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Biosimilars Forum Calls For Further Action On Biden’s Competition Order

Impending Humira Launches Would Benefit From Increased Competition

Executive Summary

Generics Bulletin sits down with Biosimilars Forum executive director Julie Reed to discuss preparing the HHS for Humira biosimilars, what more the agency could do for the industry and the Forum’s priorities over the next year.

In July 2021, US president Joe Biden signed an executive order to promote competition in the American economy, including proposals to tackle a lack of competition in healthcare by increasing support for generic and biosimilar drugs. Nearly a year on, Biosimilars Forum executive director Julie Reed has called for further action from the US Department of Health and Human Services regarding this order, ahead of the launch of numerous Humira (adalimumab) biosimilars in the US market over 2023.

Julie Reed Julie Reed

“We encourage the secretary and all of his staff in the administration to do more,” Reed told Generics Bulletin. “We’d like to see more action on the president’s executive order from last year. Their own inspector general’s office has told them they could do more, and we want HHS to prepare for the launches next year.” (Also see "Drug Pricing Reform: Now It Is HHS Secretary Becerra’s Turn" - Pink Sheet, 11 Jul, 2021.)

She continued: “They need to be hand in hand with the US Food and Drug Administration in combating misinformation, and make sure that their policies reflect the entire biosimilar landscape and they don’t favor one biosimilar over the other.”

A recent study conducted by the HHS-OIG found that increasing use of biosimilars would lead to a “significant spending reduction” for Medicare Part D and its beneficiaries, but that the drugs were ultimately being underutilized (see sidebar). Many plans did not cover biosimilars at all, and those that did rarely designed their formularies in a way that would encourage their use.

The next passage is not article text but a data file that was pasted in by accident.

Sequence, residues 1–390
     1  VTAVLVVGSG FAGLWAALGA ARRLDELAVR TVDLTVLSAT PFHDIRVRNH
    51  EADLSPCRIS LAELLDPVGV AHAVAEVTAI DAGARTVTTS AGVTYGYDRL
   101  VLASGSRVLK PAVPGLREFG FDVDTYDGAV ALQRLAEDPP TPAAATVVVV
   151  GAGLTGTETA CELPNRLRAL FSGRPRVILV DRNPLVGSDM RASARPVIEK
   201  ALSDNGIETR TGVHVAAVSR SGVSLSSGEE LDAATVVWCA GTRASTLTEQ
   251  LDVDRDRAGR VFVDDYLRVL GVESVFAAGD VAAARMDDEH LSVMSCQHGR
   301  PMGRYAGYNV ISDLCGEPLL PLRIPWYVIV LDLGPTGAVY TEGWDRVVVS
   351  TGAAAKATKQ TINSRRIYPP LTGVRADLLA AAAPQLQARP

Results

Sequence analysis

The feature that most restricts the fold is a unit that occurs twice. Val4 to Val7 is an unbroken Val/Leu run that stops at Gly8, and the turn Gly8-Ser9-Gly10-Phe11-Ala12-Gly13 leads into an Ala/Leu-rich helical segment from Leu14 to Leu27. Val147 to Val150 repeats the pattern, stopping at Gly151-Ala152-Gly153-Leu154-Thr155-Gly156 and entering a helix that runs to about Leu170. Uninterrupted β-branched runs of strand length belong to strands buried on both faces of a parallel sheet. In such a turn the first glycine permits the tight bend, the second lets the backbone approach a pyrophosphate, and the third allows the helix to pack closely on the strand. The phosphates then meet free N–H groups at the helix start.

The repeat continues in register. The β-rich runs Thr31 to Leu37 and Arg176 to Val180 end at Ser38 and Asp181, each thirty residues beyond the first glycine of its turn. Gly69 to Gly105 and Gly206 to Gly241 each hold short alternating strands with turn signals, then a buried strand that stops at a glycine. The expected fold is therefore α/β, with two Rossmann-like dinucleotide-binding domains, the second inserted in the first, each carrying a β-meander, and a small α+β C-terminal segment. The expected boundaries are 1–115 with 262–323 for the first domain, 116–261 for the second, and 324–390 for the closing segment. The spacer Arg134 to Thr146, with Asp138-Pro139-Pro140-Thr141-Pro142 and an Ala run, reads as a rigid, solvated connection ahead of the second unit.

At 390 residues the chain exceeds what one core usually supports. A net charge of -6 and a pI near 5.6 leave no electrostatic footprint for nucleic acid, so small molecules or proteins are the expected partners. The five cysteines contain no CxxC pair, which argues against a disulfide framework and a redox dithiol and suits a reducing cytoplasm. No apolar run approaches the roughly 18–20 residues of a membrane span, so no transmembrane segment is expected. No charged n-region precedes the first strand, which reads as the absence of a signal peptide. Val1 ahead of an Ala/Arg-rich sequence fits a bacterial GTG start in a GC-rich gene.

In 2019 alone, the report found, Medicare could have saved between $84m and $143m, or 18%-31% of the program’s gross spending on biosimilars and branded biologics, had it implemented better biosimilars policies.

The OIG has now recommended that the Centers for Medicare & Medicaid Services encourage Part D plans to increase access to biosimilars and monitor the situation going forward.

Reed said: “If you compare Europe to the US, we do not have policies that are increasing access, we have barriers. We need policymakers to remove those barriers, such as by creating policies that remove incentives for doctors to choose to use a higher cost product versus a lower cost biosimilar, or policies that we know the UK National Health Service and other countries have done such as shared savings.”

Increasing access to biosimilars has never been more crucial now that numerous Humira biosimilars are set to launch in the US over 2023. (Also see "Humira One Year Out: The Largest LOE Event In US Pharma History" - Generics Bulletin, 31 Jan, 2022.) Humira has spent nine years in a row as the world’s top selling drug and was only recently unseated by Pfizer/BioNTech’s Comirnaty mRNA vaccine for COVID-19, so competition in the US adalimumab space is likely to be fierce. (Also see "How Humira Finally Lost The Top Spot In Drug Sales" - Scrip, 29 Dec, 2021.)

“Those Humira biosimilars need access,” says Reed. “You’ll see the greatest cost savings the more biosimilars are on formularies, which is huge for the US.”

2023 Budget Mentions Little Of Biosimilars

Reed’s comments came shortly after HHS secretary Xavier Becerra’s announcement of the department’s 2023 budget, where she remarked that “not enough was said about biosimilars.”

She did note, however, that the biosimilars space could stand to benefit from the establishment of the Advanced Research Projects Agency for Health. ARPA-H is a new unit within the HHS outlined during Becerra’s testimony, which will support transformative high-risk, high-reward research to drive biomedical and health breakthroughs. Its establishment was authorized on 15 March.

The biosimilars industry may also benefit from various proposed funds the HHS has set out in its budget to support medical innovation, including: a $5.0bn commitment to the prevention, treatment and possible cure of conditions such as cancer, infectious diseases and Alzheimer’s disease; as well as $6.8bn for the FDA to continue to work with developers, researchers, manufacturers and other partners to expedite the development and availability of therapeutic drugs and biological products.